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Medical Devices

Biliblanket Phototherapy Light: Follow These Tips to Use it Safely


By Eileen K. Woo, RN, BSN
Center for Devices and Radiological Health
Food and Drug Administration Rockville, MD.

A 6-day-old, 34-week-gestation infant was being treated with a biliblanket phototherapy light for hyperbilirubinemia. When the nurse removed the biliblanket from the infant, she noticed a scratch and some blood on the infant's knee. 

The biliblanket, used to treat jaundice, consists of a fiber-optic pad and a portable illuminator from which therapeutic light is delivered to the infant. The pad should be, covered completely with a disposable cover and placed underneath or wrapped around the infant. Any alteration of the cover, such as cutting it in half, may contribute to an adverse event.

What went wrong?
Investigation of the infant's scratch revealed that the disposable cover had been cut crosswise in half, exposing the infant to a small amount of dried adhesive where the cable was connected to the pad. Fortunately, the injury was minor.
What precautions can you take?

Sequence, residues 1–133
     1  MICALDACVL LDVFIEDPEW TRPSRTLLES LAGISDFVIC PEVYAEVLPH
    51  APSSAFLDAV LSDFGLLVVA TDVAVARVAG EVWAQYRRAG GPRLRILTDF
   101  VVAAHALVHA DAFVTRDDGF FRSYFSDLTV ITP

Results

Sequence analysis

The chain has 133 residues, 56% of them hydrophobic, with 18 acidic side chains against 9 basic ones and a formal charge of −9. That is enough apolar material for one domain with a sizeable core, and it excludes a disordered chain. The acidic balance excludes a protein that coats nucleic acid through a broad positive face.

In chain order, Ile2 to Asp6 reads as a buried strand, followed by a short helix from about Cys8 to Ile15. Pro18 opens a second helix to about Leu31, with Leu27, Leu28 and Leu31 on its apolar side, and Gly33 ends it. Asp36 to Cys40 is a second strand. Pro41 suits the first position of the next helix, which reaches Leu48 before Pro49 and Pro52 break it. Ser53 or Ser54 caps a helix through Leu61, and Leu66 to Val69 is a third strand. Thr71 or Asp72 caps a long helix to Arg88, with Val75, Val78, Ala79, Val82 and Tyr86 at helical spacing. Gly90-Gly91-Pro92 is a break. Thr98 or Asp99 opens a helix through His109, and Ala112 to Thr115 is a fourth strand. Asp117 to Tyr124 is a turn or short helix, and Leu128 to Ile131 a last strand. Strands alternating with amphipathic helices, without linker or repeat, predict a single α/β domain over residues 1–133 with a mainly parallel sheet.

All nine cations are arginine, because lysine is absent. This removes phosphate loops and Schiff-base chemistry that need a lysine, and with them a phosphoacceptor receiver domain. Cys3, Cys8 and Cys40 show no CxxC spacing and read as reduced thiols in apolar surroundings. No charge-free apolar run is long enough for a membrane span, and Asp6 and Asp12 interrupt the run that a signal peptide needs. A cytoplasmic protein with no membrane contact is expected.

Follow these tips to ensure that you use the biliblanket safely:
  • Inspect the biliblanket phototherapy system to make sure the fiber-optic pad is smooth and free from flaws. Make sure the cable and illuminator work properly.
  • Check that the disposable cover completely protects the fiber-optic pad, including the area where the cable is connected to the pad. Don't cut or alter the cover.
  • Secure the disposable cover around the pad cable with self-adhesive tabs.
  • Expose as much of the infant's skin as possible to the illuminating side of the fiber-optic pad.
  • Remove everything except the disposable cover from between the infant's skin and the light pad. The infant may wear a diaper, clothing, or a blanket over the pad.
  • Shield the infant's eyes from direct exposure to the light with an opaque eye mask.

Although you need to support the adverse event-reporting policy of your health care facility, you may voluntarily report a medical device that doesn't perform as intended by calling MedWatch at 1-800-FDA-1088 (fax: 1-800-FDA- 0178). The opinions and statements contained in this report are those of the author and may not reflect the views of the Department of Health and Human Services. Device Errors is coordinated by Chris Parmentier, RN. 

Page Last Updated: 08/04/2015
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